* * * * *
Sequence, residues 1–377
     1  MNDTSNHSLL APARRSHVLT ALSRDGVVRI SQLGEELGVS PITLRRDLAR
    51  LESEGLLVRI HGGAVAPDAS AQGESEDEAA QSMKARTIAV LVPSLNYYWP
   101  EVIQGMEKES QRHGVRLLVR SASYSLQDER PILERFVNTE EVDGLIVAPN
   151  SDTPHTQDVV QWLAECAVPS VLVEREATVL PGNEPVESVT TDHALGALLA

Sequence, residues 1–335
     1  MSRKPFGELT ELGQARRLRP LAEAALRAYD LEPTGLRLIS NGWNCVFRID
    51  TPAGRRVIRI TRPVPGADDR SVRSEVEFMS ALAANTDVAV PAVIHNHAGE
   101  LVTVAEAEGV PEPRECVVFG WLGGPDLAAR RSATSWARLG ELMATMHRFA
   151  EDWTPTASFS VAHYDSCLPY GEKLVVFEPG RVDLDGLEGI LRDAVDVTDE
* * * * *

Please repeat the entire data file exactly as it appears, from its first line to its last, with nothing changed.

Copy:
Sequence, residues 1–377
     1  MNDTSNHSLL APARRSHVLT ALSRDGVVRI SQLGEELGVS PITLRRDLAR
    51  LESEGLLVRI HGGAVAPDAS AQGESEDEAA QSMKARTIAV LVPSLNYYWP
   101  EVIQGMEKES QRHGVRLLVR SASYSLQDER PILERFVNTE EVDGLIVAPN
   151  SDTPHTQDVV QWLAECAVPS VLVEREATVL PGNEPVESVT TDHALGALLA

Sequence, residues 1–335
     1  MSRKPFGELT ELGQARRLRP LAEAALRAYD LEPTGLRLIS NGWNCVFRID
    51  TPAGRRVIRI TRPVPGADDR SVRSEVEFMS ALAANTDVAV PAVIHNHAGE
   101  LVTVAEAEGV PEPRECVVFG WLGGPDLAAR RSATSWARLG ELMATMHRFA
   151  EDWTPTASFS VAHYDSCLPY GEKLVVFEPG RVDLDGLEGI LRDAVDVTDE